Use this URL to cite or link to this record in EThOS: http://ethos.bl.uk/OrderDetails.do?uin=uk.bl.ethos.620890
Title: We have found the Messiah : the Twelve and the historical Jesus' Davidic messiahship
Author: Zolondek, Michael Vicko
ISNI:       0000 0004 5359 5941
Awarding Body: University of Edinburgh
Current Institution: University of Edinburgh
Date of Award: 2014
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Abstract:
One of the most long-standing and controversial questions in historical Jesus research is that of whether Jesus was a Davidic messianic figure. This question is part of the broader ‘messianic question’, i.e., the question of whether Jesus thought of himself as a messiah and, if so, in what sense. Virtually every comprehensive work on the historical Jesus addresses this more focused Davidic messianic question at some point, as do numerous journal articles and essays in edited volumes. However, detailed studies devoted to this particular question are lacking. This dissertation is my attempt at such a study. I will divide this dissertation into two parts, each of which I believe offers a significant contribution to scholarship. The first, ‘Challenging the Status Quo’, will highlight three trends that I believe have dominated recent research on the Davidic messianic question with the aim being to demonstrate that the manner in which scholars have gone about answering this question is significantly problematic and that a fresh approach is therefore needed. I will then offer an approach that I believe will meet this need. The second part of this study, ‘The Making of Jesus the Davidic Messiah’, is where I will attempt to implement the fresh approach that I will have offered. More specifically, I will attempt to determine whether Jesus’ inner circle of disciples, i.e., the Twelve, viewed him as the Davidic Messiah and how Jesus behaved in response to this view. This group dynamic of which Jesus was a part will then serve as the basis on which I will offer my answer to the Davidic messianic question. In the end, examining this interplay between Jesus and the Twelve leads me to conclude that the historical Jesus was, in fact, a Davidic messianic figure. It would be ideal if I could convince others of this and perhaps move scholars closer to a consensus. However, even if I cannot accomplish this, it is my hope that this study will at least continue to move research on the Davidic messianic question forward.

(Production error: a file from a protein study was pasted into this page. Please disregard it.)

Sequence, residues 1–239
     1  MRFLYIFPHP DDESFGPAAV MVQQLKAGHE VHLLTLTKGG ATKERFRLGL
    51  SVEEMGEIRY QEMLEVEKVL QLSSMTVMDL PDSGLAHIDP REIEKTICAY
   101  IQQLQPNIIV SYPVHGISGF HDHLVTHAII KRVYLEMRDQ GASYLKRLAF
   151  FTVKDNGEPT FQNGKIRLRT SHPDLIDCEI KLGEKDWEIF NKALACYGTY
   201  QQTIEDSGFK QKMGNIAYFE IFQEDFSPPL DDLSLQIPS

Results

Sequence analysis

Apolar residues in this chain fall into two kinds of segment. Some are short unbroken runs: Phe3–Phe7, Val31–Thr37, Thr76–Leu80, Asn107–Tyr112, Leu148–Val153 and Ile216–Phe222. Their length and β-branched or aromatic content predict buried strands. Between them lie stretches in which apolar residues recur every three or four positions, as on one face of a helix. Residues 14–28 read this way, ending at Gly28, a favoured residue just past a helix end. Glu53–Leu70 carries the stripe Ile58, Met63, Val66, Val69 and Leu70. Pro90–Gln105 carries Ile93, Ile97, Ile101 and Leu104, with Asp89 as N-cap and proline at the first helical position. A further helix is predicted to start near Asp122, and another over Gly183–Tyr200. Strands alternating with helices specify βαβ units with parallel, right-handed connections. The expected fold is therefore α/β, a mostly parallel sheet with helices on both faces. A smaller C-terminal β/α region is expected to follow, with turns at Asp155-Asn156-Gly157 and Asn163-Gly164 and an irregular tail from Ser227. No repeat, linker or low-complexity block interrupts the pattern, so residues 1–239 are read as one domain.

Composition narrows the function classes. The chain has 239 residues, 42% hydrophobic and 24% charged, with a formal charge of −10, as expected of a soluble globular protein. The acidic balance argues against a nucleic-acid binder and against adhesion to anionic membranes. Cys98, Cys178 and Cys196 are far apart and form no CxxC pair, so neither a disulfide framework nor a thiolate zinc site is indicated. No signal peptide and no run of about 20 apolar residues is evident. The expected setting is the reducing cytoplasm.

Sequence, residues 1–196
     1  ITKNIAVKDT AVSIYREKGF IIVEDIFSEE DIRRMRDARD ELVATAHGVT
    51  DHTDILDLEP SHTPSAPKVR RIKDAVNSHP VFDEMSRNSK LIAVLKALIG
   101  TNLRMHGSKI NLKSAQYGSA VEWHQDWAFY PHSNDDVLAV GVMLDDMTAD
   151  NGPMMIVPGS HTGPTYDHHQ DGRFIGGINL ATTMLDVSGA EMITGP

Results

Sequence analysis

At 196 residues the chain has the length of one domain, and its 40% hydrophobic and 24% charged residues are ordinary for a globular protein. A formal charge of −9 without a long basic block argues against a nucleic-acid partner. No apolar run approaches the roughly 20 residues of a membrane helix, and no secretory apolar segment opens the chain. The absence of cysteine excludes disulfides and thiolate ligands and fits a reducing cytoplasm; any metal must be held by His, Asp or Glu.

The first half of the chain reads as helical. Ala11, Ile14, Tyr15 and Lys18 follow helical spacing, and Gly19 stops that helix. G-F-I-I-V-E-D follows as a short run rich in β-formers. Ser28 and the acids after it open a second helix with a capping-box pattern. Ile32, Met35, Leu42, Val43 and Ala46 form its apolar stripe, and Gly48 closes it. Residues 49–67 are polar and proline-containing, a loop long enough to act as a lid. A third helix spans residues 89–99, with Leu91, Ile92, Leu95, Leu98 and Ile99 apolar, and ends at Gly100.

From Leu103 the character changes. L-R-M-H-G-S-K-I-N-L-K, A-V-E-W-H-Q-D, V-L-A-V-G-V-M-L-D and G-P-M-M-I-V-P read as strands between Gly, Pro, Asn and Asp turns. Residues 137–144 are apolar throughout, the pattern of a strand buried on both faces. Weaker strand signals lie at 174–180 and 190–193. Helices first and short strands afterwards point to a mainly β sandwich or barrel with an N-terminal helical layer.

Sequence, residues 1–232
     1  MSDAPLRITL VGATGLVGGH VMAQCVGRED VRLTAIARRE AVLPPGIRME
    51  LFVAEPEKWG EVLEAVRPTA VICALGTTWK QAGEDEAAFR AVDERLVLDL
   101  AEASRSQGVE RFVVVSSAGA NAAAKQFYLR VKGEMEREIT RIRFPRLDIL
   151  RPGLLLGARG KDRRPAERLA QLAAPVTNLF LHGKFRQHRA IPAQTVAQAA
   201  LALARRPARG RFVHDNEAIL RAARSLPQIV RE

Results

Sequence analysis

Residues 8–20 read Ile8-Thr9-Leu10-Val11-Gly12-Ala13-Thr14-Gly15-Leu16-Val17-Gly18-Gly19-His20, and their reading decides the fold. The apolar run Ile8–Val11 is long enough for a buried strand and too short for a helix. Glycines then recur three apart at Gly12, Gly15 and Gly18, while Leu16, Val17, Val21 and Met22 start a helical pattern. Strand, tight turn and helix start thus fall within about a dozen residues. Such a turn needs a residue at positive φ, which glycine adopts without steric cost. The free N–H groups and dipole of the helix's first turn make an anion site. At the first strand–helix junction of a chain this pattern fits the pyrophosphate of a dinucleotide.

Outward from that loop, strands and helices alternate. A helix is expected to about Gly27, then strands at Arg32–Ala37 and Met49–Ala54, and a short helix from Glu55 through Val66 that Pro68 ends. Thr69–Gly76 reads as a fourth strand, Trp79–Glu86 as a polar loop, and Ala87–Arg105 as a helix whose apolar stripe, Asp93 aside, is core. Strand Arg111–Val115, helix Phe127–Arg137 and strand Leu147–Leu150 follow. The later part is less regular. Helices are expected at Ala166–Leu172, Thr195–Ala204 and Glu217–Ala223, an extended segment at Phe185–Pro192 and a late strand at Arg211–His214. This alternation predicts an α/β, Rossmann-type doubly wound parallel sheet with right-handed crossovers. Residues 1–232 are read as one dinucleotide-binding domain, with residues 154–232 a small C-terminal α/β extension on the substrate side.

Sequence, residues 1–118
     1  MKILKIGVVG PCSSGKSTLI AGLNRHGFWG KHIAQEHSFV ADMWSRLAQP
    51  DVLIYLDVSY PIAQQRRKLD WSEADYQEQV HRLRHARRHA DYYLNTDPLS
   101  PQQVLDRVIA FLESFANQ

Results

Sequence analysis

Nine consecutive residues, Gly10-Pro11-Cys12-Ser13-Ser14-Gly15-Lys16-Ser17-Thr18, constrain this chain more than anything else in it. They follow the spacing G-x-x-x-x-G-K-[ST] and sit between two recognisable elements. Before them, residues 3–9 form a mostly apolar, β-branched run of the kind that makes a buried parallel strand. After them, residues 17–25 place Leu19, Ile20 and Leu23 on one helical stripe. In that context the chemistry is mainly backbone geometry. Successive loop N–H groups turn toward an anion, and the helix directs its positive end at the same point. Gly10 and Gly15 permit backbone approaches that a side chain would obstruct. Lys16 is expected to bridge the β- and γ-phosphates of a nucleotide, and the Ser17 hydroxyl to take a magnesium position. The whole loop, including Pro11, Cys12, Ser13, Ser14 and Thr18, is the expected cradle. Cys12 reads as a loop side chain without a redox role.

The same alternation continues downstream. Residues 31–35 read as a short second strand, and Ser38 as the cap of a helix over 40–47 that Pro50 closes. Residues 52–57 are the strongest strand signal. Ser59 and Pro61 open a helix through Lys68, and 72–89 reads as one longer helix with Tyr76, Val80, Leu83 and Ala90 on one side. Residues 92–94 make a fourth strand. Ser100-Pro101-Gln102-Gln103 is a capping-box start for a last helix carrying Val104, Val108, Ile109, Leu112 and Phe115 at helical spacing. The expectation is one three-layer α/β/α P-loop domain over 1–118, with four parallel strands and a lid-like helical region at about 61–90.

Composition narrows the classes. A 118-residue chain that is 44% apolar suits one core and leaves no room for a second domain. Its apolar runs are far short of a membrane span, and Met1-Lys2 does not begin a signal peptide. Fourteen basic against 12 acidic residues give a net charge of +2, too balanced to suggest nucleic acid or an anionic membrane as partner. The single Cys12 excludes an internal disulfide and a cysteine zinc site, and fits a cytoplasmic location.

Supervisor: Bond, Helen; Hurtado, Larry Sponsor: Not available
Qualification Name: Thesis (Ph.D.) Qualification Level: Doctoral
EThOS ID: uk.bl.ethos.620890  DOI: Not available
Keywords: Historical Jesus ; messianic question ; Twelve ; messianism
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